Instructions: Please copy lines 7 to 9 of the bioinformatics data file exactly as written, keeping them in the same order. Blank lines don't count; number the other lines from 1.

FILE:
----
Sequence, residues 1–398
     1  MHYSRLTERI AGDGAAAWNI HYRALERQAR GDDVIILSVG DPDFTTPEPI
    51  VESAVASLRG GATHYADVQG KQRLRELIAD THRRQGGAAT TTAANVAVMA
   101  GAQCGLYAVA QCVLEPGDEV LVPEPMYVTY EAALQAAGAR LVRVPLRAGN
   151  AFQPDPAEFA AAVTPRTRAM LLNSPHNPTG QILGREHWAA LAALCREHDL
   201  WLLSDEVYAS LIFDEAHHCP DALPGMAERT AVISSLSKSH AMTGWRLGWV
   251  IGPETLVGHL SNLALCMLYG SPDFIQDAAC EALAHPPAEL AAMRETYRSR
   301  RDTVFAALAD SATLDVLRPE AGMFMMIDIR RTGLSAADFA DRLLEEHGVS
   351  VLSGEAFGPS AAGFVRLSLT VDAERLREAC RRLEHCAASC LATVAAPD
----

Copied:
   251  IGPETLVGHL SNLALCMLYG SPDFIQDAAC EALAHPPAEL AAMRETYRSR
   301  RDTVFAALAD SATLDVLRPE AGMFMMIDIR RTGLSAADFA DRLLEEHGVS
   351  VLSGEAFGPS AAGFVRLSLT VDAERLREAC RRLEHCAASC LATVAAPD